We suddenly heard screaming and shouting.  A large commotion gathered behind their vehicle. We dashed over to see for ourselves.  My, oh my.  What a terrible sight!

It seems that while most of that family was inside their home, one of the younger children took their pet goat (on a leash) out for a walk.  You guessed it!  The child tied the leash to the back of the car, and forgot about it!

Goshen Road was a rough, dusty, graveled road.  Natural sandpaper.

The poor goat behind the car was only half a goat, a dry and dusty half-goat.  It had only two legs now, both on the same side.  Someone flipped it over.  It was dry, dusty, and hollow inside.  You could see all the ribs, the back side of the ribs.  Yes, it was a traumatic sight to behold, the stuff of nightmares.  The family’s children were going bonkers.  I thought I’d be sick.

I suppose one could say that there was 1.5 Billy’s at that Goshen Gathering – me and the half-billy.

 

 

 

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IF I COULD INVENT SOMETHING

A writing challenge of the Little Egypt Writer’s Society   65000_white_1 copy

© 2018 Bill Murphy

Wouldn’t you agree that most inventions are the result of someone attempting to make work easier… and by default, life easier?  Invention is the obvious spin-off of ‘work smarter – not harder.’

I received my inventive spirit from my father.  He loved to ‘tinker.‘  When I was around 10, dad saw a simple wind-turbine which inspired him to see other possibilities.

The turbine didn’t have traditional blades.  Instead, it had a series of 1/4 spheres, ‘cups’ which caught the wind.  Dad then remembered the loud screech which aircraft tires made when they hit the ground on landing… burning away expensive tires as they contacted the ground.  If the tires were already TURNING before the plane touched down, he reasoned, rubber would not be needlessly wasted.

Dad figured that if RUBBER quarter spheres were molded onto the outside edges of aircraft tires, the forward speed of the plane would make the tires spin before they touched the runway… a huge saving on tires!  Years later we learned that this was actually tested, but proved to be impractical.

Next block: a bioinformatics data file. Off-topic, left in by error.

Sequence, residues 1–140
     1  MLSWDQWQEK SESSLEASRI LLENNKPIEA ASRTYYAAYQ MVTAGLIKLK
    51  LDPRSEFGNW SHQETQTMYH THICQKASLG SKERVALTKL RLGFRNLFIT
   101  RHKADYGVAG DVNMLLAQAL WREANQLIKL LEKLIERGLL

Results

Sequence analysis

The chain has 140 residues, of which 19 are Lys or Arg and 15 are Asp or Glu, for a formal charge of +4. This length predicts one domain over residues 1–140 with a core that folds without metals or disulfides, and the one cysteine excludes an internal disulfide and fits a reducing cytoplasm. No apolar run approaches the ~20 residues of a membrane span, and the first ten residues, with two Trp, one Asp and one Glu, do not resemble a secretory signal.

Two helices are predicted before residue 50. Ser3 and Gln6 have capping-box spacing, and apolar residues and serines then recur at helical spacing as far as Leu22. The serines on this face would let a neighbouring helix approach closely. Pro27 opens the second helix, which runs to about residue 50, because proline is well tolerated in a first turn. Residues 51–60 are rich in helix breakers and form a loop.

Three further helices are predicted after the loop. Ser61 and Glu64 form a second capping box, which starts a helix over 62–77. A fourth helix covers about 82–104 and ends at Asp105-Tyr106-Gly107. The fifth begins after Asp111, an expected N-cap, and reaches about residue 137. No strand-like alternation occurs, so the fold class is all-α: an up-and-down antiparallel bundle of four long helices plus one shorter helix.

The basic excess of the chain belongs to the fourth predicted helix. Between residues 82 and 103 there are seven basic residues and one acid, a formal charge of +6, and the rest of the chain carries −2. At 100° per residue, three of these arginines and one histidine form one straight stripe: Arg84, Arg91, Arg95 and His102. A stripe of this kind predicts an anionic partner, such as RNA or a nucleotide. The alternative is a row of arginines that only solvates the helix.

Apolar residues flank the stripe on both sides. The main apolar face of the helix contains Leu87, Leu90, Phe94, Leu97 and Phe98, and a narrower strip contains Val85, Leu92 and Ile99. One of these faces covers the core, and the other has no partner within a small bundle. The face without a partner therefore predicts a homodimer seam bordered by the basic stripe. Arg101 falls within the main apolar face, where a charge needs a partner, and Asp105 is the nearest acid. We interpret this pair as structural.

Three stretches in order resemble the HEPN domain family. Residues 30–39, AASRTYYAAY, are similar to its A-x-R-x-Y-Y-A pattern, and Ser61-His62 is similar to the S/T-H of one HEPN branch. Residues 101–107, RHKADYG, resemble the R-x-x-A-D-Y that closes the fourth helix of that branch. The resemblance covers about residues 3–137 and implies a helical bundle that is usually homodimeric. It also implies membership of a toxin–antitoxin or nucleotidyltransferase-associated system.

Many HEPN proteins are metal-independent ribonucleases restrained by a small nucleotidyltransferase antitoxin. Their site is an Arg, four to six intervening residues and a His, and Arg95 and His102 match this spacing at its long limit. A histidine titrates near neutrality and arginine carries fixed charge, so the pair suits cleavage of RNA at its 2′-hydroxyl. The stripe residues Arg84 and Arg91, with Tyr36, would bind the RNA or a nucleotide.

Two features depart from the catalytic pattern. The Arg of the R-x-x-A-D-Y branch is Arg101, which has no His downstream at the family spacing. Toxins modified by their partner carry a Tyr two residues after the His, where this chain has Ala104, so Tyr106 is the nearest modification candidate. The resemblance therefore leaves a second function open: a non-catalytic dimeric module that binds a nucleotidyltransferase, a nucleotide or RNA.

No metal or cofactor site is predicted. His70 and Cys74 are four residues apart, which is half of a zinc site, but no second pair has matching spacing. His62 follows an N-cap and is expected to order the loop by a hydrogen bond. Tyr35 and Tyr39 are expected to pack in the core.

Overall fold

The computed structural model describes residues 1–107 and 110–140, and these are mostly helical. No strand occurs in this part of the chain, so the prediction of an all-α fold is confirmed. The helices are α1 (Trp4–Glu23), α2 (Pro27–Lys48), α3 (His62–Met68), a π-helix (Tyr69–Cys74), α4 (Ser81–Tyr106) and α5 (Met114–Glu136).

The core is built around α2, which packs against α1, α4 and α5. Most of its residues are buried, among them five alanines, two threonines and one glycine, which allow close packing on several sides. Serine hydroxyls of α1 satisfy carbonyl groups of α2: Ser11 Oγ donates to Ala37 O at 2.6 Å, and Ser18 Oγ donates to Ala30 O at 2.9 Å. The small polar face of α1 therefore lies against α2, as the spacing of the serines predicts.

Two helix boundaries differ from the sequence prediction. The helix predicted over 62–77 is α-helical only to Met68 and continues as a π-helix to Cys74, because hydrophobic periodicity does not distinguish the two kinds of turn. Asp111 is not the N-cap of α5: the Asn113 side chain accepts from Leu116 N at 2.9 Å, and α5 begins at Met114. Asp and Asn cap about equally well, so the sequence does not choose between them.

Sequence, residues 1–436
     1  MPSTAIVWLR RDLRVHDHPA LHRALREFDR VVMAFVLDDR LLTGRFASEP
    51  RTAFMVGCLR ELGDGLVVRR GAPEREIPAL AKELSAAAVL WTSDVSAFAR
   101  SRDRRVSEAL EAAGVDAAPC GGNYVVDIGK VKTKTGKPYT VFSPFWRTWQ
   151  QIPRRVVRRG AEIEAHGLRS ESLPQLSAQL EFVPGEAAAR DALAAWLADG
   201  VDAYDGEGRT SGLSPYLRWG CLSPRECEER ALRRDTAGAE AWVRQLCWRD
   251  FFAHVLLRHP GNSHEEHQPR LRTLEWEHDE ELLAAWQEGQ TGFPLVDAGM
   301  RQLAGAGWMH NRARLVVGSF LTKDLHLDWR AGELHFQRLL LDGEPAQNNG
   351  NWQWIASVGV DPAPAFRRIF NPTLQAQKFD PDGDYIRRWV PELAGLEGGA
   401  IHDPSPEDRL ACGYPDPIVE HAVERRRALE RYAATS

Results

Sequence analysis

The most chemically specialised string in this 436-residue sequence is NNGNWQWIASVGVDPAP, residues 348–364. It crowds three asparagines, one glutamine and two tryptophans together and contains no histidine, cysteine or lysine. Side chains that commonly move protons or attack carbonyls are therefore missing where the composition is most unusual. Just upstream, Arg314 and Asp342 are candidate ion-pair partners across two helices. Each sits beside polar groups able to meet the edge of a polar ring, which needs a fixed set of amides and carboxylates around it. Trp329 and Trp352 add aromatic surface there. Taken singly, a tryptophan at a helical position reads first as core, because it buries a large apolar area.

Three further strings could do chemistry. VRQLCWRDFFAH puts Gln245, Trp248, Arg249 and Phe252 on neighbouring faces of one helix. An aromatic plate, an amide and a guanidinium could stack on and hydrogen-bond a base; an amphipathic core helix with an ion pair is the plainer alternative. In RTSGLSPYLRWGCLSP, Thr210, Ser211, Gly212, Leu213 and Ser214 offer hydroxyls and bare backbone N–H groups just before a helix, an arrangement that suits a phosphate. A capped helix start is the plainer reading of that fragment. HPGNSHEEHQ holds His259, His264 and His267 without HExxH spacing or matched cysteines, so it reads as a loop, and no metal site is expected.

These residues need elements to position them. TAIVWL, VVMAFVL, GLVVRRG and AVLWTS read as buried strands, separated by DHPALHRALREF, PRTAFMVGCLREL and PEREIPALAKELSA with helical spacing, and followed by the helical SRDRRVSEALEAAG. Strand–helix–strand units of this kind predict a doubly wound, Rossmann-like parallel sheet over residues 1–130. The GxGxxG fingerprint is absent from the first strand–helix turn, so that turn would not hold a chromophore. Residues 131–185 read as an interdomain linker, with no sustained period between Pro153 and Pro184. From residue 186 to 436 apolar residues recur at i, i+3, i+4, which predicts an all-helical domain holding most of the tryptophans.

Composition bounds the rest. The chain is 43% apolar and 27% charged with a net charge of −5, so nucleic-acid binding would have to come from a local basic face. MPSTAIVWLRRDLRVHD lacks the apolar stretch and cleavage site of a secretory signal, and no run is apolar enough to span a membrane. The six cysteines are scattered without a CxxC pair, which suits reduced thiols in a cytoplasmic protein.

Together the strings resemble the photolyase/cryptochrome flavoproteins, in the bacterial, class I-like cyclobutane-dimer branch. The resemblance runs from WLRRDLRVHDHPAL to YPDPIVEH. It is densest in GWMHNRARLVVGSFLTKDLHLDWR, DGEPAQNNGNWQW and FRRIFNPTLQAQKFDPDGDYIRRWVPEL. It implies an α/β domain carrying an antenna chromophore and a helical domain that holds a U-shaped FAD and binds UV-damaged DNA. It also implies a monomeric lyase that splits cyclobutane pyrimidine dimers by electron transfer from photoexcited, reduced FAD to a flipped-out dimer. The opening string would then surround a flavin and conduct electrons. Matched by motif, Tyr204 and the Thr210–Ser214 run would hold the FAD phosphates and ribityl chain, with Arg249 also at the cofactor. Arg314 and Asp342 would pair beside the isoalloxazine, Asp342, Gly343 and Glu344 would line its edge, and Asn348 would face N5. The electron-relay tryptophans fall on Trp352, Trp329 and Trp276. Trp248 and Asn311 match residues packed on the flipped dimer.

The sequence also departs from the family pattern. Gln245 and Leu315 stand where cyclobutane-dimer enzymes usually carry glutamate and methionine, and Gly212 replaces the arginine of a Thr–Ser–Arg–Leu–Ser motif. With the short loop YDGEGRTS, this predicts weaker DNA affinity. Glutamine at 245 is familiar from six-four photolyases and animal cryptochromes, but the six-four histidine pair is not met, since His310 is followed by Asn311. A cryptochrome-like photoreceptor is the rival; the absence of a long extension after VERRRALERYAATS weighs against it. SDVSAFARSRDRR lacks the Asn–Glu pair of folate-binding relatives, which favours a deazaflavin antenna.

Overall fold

Then during the mid to late 50s, I had an aviation idea of my own, one having to do with ‘winglets‘ for droppable fuel tanks. This too was tested in the late 50s.  Alas, it too proved to be impractical.  Oh well.

Fast forward to 2018.  Our nest is no longer empty.  We have a daughter, granddaughter, and great-granddaughter ‘temporarily’ living with us.  What do they say about ‘too many cooks spoil the broth?’  This I know this for sure, too many cooks can really mess up a kitchen… and a microwave.

Our microwave is 4 or 5 years old.  With attention, it has been kept looking almost new. The number one labor saving device in our kitchen is a $2 microwave splatter shield… when used.  Simply USING IT is the key!  Verbal reminders don’t seem to get the job done. Even signage hasn’t always worked.  It is so frustrating… to me.

HERE’S MY IDEA FOR A MICROWAVE, TIME, AND SANITY SAVING INVENTION.

I’d love to have a splatter shield somehow electronically LINKED to the microwave, so that the microwave will operate only when the splatter shield is properly in place. Period.  No over-rides.  No shield = no cook.

Yes, I know, “But it only takes 2 or 3 minutes to wipe down the inside of the microwave. Big deal!”

But let’s face it… those who don’t have the will, energy, or 3 seconds of time to simply pick up the shield and use it… are NOT the one’s who feel a burning desire to roll up their sleeves and spend 2 to 3 minutes cleaning up a big splattered mess.

Now where did I put my soldering iron?

 

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MY PROUDEST MOMENT

trophy-3037778_640© 2018 Bill Murphy